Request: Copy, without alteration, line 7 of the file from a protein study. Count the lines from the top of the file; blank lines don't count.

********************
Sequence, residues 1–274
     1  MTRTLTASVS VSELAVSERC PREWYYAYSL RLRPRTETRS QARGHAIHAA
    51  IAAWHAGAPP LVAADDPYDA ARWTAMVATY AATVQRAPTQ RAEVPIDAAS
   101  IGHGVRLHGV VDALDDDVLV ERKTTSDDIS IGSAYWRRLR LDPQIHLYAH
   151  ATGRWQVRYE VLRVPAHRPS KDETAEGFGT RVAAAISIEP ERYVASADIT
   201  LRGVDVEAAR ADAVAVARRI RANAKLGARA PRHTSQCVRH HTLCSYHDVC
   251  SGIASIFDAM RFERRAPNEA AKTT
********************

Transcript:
   251  SGIASIFDAM RFERRAPNEA AKTT